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Transforming our self-critical voice in our head into becoming a support


Guest articles > Transforming our self-critical voice in our head into becoming a support


by: Toby Jensen


For most of us there is a little voice in our heads that tells us what to do all day long and how to live our lives. It is the voice that usually comes across as critical and depressing due to the negative nature of the message. This is more an impression or feeling that you get from within yourself. This is your brain performing its regular function to guide you in life. This is not the schizophrenic voices that the mentally ill hear. The good news is that this voice can easily be reprogrammed to support us in our lives. This is a part of ourselves that we want to bring it into serving us.

Although we can obtain silence from this voice for intermittent periods of time while experiencing peace during such times as meditation (Zen), it is impossible to remove this voice from within for any long period of time. You can also experience quieter times during such strenuous physical activities in which you are at one with your sport and activity. But for most of life, the voice just keeps belting out all the things we are doing wrong in life. It is time to change this.

Although there is a time and a place for the screaming and yelling of personal growth this is not it. The screaming and the yelling can work to express our anger in power and strength. It can help to get out the frustration. It can be a way to tap into the power and strength one may need to cross a severe amount of abuse or pain. Anger does have its place in life but not here – not now. We can express ourselves through this power and anger. Once we do, we only need to visit this place. We no longer need to live there. We can visit less and less. This expression of anger is not needed as strongly nor as often. We have found a better place, a softer place of power to speak from to rule our lives. This place is the place of reason and skill. So, visit the place of anger and unfettered power as often as you need to. Then return here and become soft spoken and skilled. Become real strength and gain true control.

A good friend of mine, Gary Acevedo, named this voice in our heads ‘Wilbur’. Since this voice comes from our brain I will refer to this voice in our heads as Wilbur throughout this article. Surrendering to Wilbur does not work because he will eat you alive. So the logical response then is to fight back with all you have to destroy him. Some have even gone to such extremes as yelling and screaming back at ourselves or yelling and screaming out into the world to overpower this voice. Wilbur is a part of you and you are trying to destroy part of who you are. Now some parts of us are worth destroying but Wilbur need not be destroyed. Wilbur is only the expression of the computer/logical parts of ourselves. Do we want to destroy our ability to reason? No, of course not, but if we don’t learn how Wilbur works and more importantly how to get Wilbur on our side we will be driven to our own destruction.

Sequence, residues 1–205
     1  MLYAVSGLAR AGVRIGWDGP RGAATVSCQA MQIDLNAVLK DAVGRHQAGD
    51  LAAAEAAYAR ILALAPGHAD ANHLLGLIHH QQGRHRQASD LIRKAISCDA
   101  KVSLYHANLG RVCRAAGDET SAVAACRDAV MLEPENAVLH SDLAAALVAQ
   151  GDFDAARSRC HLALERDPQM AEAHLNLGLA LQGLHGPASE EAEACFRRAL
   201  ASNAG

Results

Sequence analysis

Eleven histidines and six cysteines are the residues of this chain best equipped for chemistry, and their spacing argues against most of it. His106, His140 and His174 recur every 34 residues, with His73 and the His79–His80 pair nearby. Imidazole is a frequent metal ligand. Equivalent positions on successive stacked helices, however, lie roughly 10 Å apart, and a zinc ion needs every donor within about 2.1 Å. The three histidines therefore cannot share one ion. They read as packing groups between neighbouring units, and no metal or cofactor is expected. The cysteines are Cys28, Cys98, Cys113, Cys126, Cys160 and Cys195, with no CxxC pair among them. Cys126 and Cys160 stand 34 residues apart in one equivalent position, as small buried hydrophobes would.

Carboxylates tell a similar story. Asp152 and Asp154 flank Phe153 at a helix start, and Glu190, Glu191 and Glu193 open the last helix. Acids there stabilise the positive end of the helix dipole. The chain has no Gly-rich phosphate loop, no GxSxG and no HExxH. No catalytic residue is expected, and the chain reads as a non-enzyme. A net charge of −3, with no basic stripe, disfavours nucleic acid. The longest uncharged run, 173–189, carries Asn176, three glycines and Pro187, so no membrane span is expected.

We win Wilbur over by learning to negotiate with him. We negotiate by asking questions. As I learned from Tony Robbins, years ago, a lot of people go through life asking poor quality questions. They ask themselves why they are such a loser. And your brain then perks up and says, “Hey, he just asked me a question so I’m going to answer him with all I’ve got because that is what I was created for.” Then your brain proceeds to tell you in numerous and detailed ways all the hundreds of reason why you are a loser. This is what happens when you ask negative questions of yourself.

If we direct constructive questions into Wilbur instead of asking negative based questions of ourselves we transform Wilbur. We can ask positively focused questions of ourselves that are based in reality. We can acknowledge how bad things are while also not giving in to the negativity. We can be in the world but not of the world. An example of a question that is not quite dealing with a difficult reality is this: let’s assume we’ve been asking ourselves why we are such losers. We realize this and redirect a positive based question back at ourselves instead. We ask ourselves, “Well, then, why am I such a winner?” Your brain of course will tell you hundreds of wonderful things about why you are such a winner. We grow in mental and emotional health, we believe in ourselves more, and begin to get past the pain of why we were feeling miserable to begin with.

The problem here is that we jumped over the growing part of what we needed to do to get out of being a loser. This is illustrated better by asking a question more directed at what we need to do to get out of trouble and grow more into success. Instead of asking why I am such a loser ask, “What can I do to get through this and be able to put it behind me forever?” Or, “How can I do what I need to do to overcome being a loser and turn into a winner?” This is an example of how we can acknowledge the current reality of a bad situation and begin to turn it into what we need to do to come closer to our dreams. We can be a realist, admitting the difficulty we are currently facing without giving in to the negativity and becoming a doomsday prophet.